Releasing and Retraining muscle contracture
Working with ''weak'' or overworked muscles
What is Muscle Contracture release?
First of all, what is muscle contracture? Muscles are made of several sets of bundles of fibers. Muscles do not engage all the fiber bundles at the same time in order to perform. This means you can have a muscle be partially contracted, or fully contracted. Normal body tone is a contraction of all the mucles in your body that comes with being alive. It is a small amount. However, if a muscle is helping another muscles that isn't working as well, or is holding a bone in place after a dislocation, that muscle may be more contracted. If a muscles is contractd more than the normal amount associated with normal muscle tone, and continues to be contracted all the time, even when you are at rest I consider this a contracture. The practical side of this is if your muscles are in a 70% contracture, if you ask them to do work, they only have 30% capacity left to do the work you ask for. This makes them seem weak. The normal common sense approach would be to work them and build up strength, but this often fails, because the muscles is already strong, just not available. Sometimes working them to strengthen them is also counter productive, because overworked muscles simply go into spasm, and then you have less capacity to do the work. A simple test is if you lying down, at rest and you can find muscles that feel like "little steel cables". These muscle are in contracture.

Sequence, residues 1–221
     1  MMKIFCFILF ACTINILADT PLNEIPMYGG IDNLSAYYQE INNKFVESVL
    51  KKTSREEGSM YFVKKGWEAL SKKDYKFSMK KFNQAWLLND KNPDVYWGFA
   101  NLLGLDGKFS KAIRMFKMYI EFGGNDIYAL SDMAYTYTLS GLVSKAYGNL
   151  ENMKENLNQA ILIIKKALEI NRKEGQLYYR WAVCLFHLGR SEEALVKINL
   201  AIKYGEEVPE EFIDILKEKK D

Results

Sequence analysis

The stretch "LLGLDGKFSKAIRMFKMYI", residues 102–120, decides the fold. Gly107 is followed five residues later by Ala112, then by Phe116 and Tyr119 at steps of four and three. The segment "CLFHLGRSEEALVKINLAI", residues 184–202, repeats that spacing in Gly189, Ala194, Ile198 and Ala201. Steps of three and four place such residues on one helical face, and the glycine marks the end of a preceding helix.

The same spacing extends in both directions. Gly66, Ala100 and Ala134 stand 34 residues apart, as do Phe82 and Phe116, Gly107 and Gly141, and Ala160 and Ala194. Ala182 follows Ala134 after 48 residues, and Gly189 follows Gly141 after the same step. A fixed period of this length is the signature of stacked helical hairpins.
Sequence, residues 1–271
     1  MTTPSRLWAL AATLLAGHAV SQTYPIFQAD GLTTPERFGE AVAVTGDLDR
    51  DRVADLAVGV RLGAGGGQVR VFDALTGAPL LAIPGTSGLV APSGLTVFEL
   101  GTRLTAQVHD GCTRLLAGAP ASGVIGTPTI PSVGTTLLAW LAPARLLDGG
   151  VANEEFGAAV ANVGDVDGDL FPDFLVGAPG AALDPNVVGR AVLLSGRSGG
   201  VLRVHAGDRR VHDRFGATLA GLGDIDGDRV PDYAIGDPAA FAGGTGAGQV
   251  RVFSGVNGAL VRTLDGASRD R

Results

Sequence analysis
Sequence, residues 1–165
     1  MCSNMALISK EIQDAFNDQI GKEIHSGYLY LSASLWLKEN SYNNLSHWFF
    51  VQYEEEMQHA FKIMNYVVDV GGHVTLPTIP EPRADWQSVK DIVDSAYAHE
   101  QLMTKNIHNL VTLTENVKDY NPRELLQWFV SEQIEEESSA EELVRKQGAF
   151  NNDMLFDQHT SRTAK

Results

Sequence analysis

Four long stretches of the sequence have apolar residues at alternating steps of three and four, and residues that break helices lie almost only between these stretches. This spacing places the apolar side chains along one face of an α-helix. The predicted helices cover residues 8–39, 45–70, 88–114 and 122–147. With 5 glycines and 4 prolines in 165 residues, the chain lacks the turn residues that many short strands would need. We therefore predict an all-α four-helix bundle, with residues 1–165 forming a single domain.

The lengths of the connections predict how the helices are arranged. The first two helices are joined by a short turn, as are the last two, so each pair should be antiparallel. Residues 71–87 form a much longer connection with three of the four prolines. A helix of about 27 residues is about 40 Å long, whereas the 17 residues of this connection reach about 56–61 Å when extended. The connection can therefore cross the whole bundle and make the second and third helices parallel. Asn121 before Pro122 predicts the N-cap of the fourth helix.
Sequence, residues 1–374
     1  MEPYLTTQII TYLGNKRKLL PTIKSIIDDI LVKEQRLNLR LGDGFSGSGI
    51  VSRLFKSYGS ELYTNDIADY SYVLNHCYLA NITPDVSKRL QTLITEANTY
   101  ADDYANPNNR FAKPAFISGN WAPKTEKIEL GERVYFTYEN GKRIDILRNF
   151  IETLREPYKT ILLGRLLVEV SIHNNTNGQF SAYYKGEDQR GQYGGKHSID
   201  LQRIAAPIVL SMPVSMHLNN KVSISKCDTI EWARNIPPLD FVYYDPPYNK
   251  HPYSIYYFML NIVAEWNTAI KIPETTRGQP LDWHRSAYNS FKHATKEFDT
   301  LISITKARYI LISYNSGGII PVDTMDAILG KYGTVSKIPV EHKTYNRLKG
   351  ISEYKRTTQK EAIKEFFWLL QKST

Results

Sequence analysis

To release these contractures is a difficult thing. They may be protecting an injury, assisting a muscle group that is protecting an injury, involved in stress response, or in a pattern from an injury long ago, or they may be overworked, or a combination of the above reasons. There are several techniques to release the contracture, but this issue is one that often takes several sessions, in addition to client re-education on how muscles are supposed to be working and how to let them rest in between.